The harrowing story of the "Endurance" notwithstanding, Ernest Shackeltons' best chance for immortality may have come in Jan 1909, when he led an expedition to a latitude 88 23'S, only 97 miles from the South Pole, before turning back. This was nearly 3 years before Roald Amundsen reached the Pole. Had Shackelton succeeded, the legendary race between Scott and Amundsen to "The Last Place on Earth" may have never occurred. As an interesting footnote, Shackelton served as executive officer for Scott in a preliminary expedition in 1901-04 aboard the "Discovery". Shackelton was sent home early by Scott supposedly for reasons of health, but it appears there was some controvery over this decision. Could this possibly be a case for one of your skillful rewritings of history so as to give Sir Ernest his just due?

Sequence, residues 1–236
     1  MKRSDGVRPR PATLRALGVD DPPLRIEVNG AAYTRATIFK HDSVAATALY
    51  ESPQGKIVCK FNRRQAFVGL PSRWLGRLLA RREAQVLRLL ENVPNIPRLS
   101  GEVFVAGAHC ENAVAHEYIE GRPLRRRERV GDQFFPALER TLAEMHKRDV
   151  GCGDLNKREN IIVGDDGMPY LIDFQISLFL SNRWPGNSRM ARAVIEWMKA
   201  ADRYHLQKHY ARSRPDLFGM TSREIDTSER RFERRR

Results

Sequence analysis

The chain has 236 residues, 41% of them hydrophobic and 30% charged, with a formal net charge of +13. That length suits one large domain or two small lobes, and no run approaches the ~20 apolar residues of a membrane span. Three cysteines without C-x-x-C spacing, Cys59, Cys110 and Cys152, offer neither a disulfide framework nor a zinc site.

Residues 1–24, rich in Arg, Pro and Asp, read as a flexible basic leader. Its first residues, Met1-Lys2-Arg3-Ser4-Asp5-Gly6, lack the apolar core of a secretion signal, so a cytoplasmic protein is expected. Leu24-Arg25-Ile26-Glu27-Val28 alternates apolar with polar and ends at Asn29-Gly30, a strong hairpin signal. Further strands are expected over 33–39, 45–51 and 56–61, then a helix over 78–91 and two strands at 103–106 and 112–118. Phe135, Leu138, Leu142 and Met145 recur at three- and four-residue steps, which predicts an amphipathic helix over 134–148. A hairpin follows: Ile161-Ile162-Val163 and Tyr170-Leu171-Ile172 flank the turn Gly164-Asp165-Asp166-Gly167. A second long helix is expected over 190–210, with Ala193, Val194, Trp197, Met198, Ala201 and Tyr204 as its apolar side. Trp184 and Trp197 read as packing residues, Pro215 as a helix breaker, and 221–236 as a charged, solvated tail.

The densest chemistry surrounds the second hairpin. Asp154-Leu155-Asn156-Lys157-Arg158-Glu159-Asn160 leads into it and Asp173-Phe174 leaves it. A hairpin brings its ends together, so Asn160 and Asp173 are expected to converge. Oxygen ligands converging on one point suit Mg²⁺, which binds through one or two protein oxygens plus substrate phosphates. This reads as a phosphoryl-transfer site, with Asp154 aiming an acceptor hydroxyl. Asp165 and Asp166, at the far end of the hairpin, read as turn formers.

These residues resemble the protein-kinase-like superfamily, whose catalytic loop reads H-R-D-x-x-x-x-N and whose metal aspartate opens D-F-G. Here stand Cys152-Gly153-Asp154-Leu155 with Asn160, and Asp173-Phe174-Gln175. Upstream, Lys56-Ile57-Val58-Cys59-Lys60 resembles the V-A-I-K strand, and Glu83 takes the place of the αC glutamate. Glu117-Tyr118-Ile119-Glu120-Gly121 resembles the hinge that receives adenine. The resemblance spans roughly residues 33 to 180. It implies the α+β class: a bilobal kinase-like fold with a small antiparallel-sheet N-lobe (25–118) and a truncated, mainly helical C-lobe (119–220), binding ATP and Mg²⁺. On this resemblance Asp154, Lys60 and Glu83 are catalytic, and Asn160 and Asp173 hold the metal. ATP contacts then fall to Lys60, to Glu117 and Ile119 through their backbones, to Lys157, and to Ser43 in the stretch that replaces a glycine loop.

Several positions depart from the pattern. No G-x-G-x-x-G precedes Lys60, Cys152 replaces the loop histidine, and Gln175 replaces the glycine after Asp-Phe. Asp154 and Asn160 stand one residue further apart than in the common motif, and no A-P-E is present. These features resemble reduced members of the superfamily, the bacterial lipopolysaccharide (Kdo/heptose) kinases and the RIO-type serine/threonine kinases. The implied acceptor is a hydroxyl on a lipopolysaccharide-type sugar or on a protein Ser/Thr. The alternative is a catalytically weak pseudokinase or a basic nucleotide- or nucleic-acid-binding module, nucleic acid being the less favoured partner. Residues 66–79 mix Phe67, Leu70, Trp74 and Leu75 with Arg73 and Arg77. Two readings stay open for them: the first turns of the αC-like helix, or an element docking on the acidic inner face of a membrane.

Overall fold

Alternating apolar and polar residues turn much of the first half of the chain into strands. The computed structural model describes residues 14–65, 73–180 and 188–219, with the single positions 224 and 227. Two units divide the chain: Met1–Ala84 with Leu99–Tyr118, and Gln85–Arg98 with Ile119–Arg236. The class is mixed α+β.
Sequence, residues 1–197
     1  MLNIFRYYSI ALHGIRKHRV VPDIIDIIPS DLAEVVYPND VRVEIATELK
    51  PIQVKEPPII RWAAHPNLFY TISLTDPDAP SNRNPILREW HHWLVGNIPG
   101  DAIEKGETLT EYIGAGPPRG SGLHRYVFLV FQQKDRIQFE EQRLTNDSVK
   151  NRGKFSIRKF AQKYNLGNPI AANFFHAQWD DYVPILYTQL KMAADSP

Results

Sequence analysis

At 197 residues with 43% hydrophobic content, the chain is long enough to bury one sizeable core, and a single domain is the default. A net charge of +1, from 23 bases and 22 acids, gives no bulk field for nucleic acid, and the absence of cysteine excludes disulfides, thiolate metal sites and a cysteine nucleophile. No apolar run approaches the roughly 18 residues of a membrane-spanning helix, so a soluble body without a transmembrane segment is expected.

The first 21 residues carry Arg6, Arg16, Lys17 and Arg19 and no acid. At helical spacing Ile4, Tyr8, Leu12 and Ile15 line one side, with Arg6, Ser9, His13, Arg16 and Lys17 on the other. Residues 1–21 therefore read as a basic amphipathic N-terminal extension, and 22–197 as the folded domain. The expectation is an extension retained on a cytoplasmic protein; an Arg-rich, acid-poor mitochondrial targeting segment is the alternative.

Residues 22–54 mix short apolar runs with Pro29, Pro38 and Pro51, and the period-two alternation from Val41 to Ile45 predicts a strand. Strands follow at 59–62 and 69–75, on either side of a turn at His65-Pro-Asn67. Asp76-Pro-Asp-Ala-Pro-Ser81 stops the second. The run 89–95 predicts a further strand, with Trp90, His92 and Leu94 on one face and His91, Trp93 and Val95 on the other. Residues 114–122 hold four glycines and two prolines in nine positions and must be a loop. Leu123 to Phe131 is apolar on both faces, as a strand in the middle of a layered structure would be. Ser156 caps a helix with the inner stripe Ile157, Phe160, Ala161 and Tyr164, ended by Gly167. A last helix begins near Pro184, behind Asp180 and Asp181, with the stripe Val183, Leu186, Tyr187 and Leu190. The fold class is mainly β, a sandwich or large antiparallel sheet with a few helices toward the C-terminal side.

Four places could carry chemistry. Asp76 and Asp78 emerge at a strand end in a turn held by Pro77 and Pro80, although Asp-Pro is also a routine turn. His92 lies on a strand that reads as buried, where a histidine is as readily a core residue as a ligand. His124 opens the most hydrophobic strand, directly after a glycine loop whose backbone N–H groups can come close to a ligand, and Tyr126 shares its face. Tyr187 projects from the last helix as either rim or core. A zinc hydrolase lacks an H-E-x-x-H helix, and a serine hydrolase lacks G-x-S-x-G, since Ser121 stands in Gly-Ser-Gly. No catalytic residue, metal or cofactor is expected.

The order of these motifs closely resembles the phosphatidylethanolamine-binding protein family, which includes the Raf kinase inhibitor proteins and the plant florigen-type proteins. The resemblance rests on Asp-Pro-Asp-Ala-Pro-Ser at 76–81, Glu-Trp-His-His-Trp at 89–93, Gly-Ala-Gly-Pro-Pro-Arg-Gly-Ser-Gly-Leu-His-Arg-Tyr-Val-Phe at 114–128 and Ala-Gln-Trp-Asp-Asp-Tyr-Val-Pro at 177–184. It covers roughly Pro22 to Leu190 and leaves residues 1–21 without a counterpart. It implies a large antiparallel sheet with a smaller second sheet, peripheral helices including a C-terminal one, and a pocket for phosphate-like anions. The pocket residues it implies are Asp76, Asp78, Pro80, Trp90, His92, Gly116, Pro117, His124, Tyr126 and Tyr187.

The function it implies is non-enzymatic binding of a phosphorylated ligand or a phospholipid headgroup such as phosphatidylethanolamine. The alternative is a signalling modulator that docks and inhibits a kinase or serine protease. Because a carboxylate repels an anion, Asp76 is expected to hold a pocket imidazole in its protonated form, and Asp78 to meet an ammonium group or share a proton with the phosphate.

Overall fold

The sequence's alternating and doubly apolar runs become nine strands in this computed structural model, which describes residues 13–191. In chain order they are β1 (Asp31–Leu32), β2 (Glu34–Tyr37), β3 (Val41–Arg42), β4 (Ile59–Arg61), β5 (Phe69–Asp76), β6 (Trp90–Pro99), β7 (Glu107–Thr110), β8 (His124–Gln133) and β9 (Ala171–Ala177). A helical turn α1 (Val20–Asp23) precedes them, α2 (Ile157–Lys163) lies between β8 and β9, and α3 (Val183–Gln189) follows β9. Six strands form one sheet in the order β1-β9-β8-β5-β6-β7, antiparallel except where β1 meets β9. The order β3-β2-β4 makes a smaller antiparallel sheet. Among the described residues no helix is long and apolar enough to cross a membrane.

Posted by TCB on July 24, 2000:
In Reply to: The Antarctic Explorer posted by Al Yonan :
Dear Al: If only I'd discovered
that story before everyone else. I did write a short story many years ago
(as a student at Iowa) about an Arctic explorer, based very loosely on
Franklin's expedition, and, of course, I wrote of Mungo Park. But you're
right: that sort of suffering is my cup of tea. TCB.
--Sandye Utley, Cincinnati, Ohio
Last Page Update: 10 March 2001